• Something sinister is taking place under the PNM. Has anybody noticed? It appears that the ‘wealthier’ Trinidad & Tobago becomes, the worse the quality of life becomes for the average citizen. Some people might attribute this to true voodoo economics. Patrick Manning has and continues to create economic policies that are bringing out the absolute worst in some people who are at the bottom of the economic ladder. The number of citizens who have been murdered is now at about 430. This number is extremely high for a small country such as ours. How many more must die needlessly before Trinidadians come to their senses? Most economists would agree that Manning’s economic policies are very similar to Bush’s economic policies up in the US, in that they tend to favour the wealthy. Also, many social scientists would agree that a correlation exists between crime and some economic policies that are not always apparent. Interestingly, a very strong correlation also appears to exist between a nation’s ranking on the Transparency International’s Corruption Index and the level of violent crime within the given nation, which lead to the following the question: Does a high crime rate give rise to corruption in government or does a corrupt government creates the conditions for a high crime rate? I think that corruption in government, more often than not, appears to contribute to an increasing crime rate. No politician has ever been jailed for corruption in the history of Trinidad and Tobago. From the airport corruption scandal to the HCU failure, not one would ever be held responsible. As for the wealthy, they would survive since they could hire security guards 24/7, or migrate to the US or Europe. With crime, high food prices, dengue, and a failed healthcare system, poor people like me don’t stand a chance. Crapeaud smoke we pipe as my grandfather would say.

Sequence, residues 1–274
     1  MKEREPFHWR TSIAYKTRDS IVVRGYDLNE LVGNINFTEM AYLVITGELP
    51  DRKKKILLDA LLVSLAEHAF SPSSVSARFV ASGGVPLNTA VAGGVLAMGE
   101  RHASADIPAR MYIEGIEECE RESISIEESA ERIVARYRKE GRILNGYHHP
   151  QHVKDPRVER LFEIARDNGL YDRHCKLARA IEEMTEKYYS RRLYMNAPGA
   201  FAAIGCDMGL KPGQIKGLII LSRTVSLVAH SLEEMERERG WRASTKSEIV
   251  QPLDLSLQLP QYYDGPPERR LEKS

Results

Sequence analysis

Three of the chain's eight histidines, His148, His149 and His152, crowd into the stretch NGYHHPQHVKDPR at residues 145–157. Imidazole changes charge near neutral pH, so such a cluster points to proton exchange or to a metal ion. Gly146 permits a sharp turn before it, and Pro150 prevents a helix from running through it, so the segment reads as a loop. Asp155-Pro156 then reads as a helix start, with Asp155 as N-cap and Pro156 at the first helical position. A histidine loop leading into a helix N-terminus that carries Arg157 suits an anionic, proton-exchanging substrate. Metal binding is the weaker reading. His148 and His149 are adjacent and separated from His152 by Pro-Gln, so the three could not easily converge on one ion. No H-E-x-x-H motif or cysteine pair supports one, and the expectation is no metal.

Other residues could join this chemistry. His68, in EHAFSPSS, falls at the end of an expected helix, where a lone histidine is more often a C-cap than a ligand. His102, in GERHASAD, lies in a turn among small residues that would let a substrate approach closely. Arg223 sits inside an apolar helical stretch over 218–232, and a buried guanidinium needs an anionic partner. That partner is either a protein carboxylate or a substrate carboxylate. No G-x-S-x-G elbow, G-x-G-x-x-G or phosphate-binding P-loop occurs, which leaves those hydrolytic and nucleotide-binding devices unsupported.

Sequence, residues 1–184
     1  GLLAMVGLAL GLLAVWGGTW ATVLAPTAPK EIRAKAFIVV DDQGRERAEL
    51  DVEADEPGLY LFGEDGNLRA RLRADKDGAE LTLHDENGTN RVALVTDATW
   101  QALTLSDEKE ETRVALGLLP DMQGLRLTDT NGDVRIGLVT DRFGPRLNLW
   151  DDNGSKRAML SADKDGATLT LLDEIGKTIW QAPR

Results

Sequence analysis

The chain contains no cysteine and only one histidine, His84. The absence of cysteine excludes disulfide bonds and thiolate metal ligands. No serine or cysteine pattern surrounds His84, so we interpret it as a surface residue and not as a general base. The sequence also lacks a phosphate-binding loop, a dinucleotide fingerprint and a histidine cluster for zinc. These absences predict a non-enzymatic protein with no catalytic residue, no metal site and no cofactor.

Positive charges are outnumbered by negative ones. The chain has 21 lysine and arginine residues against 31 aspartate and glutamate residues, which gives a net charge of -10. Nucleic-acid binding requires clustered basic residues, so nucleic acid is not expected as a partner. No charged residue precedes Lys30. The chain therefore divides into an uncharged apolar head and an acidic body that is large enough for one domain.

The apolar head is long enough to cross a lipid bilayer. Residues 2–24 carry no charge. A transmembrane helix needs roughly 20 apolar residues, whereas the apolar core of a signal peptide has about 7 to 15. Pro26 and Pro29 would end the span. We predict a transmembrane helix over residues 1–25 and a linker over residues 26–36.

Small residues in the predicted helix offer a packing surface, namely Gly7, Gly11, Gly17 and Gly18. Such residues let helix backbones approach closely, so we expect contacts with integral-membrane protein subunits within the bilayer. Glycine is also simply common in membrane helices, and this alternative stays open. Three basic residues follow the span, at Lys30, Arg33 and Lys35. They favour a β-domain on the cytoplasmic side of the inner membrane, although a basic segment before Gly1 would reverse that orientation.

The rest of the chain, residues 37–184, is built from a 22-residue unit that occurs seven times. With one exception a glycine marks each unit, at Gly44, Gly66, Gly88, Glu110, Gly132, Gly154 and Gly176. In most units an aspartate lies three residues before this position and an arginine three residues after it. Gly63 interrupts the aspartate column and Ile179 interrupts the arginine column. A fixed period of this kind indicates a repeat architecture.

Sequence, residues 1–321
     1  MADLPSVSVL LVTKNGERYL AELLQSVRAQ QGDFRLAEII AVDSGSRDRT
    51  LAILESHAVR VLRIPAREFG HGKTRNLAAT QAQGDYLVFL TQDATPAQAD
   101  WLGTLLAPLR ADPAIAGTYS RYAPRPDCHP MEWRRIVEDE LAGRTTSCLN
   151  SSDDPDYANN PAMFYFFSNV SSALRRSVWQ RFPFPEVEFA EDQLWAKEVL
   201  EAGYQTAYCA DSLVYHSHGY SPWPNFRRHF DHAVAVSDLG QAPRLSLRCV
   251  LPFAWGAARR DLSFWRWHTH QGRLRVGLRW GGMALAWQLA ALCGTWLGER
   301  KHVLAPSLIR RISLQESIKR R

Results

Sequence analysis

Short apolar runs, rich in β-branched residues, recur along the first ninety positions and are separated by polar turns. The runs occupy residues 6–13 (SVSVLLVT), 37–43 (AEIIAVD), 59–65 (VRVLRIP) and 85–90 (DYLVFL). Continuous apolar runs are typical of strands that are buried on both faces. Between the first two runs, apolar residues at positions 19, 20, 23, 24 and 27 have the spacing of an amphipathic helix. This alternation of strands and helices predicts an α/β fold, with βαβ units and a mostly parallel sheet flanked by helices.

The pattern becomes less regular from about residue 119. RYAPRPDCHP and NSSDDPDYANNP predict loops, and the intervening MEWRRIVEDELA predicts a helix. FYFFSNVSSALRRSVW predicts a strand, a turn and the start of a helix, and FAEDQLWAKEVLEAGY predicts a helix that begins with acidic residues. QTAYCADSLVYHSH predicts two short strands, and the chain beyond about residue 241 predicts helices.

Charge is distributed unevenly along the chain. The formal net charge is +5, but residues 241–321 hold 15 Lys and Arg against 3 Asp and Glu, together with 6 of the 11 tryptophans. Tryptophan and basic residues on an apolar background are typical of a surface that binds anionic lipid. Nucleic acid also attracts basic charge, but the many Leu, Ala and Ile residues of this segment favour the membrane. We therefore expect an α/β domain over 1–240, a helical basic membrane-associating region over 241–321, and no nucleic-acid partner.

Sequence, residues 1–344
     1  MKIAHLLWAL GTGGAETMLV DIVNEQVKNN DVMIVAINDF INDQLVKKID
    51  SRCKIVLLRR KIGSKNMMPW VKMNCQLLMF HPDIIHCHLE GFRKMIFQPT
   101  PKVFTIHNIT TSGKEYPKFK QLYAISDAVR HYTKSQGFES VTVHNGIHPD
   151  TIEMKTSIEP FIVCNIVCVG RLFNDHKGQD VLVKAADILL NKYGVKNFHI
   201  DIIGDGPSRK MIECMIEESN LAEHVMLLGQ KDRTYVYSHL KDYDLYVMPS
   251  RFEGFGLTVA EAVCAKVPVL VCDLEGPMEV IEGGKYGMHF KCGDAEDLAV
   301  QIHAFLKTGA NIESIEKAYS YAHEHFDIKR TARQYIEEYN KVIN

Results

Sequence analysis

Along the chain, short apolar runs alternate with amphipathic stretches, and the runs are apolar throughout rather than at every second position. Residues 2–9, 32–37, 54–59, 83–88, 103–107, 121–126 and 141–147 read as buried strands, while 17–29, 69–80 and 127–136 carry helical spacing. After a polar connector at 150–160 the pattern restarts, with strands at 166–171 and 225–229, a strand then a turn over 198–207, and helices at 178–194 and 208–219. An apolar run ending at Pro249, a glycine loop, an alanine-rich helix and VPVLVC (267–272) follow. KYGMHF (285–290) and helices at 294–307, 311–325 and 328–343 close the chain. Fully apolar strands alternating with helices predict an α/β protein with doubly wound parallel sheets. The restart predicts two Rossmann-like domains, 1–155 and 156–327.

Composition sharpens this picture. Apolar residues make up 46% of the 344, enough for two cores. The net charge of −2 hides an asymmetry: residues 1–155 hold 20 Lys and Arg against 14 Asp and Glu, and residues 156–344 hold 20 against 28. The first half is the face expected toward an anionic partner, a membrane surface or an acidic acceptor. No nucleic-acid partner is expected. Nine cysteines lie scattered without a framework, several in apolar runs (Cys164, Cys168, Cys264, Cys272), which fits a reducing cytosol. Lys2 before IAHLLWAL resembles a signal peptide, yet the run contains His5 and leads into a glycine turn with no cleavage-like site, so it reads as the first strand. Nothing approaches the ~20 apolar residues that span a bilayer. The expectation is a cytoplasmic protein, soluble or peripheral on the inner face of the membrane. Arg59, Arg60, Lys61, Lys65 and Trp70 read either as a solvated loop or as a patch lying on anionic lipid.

• I do not agree a whole lot with Rafique Shah on a host of issues, but I certainly do on the points raised in this article. I live work and study in the United States of America. Many people’s concept of poverty is so far removed from reality. I must add however, that most Americans live simple lives and face the same financial difficulties as we do in Trinidad. But, yes. I too believe that the poor will survive largely due to the reasons set forth by the author.

  • Raf, My late mother’s name is spelt Sanker. Thanks for the commercial on sapbut it has been replaced by doubles. And yes, I agree with you that TnT and the world needs more people like Jack. He always asks me for the sap recipe when ever we meet. But like angostura that’s a family secret that went with my Mom.

  • Martin is correct on a few score one of which is that corruption in government can contribute to the escalating crime waves as it sends a subtle message that laws do not matter .It is why we’ll take care of the Panday’s airport corruption debacle ,and ensure that the precedent is set to send him to jail for his personal role after he has exausted every possible appeal ploy available- in keeping with our democratic nature.
    Where he lost me was when he linked the HCU’s failures to the stewardship of the present regeime and views it as an indication ofgovernmental failure and corruption.Perhaps he can explain to me why this is so when over two hundred of our other local Credit Unions have followed the finacial rules that are in place for our beloved/ small country and are fine ,as opposed to the HCU ,that prefered to allow slick , money grabbing bandits ,from the business and religious sector to steal the savings of hard working and gullible folks , as well as participate in risky practices that eventually resulted in the down fall of the noble institution.
    Folks like Martin and others love to make these vile references to the USA , Canada and the UK to impress us perhaps of travels and good fortunes it seems. I hope they recognize that these various countries -especially the USA presently-are fortunate to have viable alternatives to fill the void made by failed present regimes. I wonder if Martin and others believe that this is the case in Trinidad and Tobago. Something tells me that the majority of our citizens if given a choice for voting for the

  • Depositors should be first to be paid off since they were patronizing other businesmen who also took risks.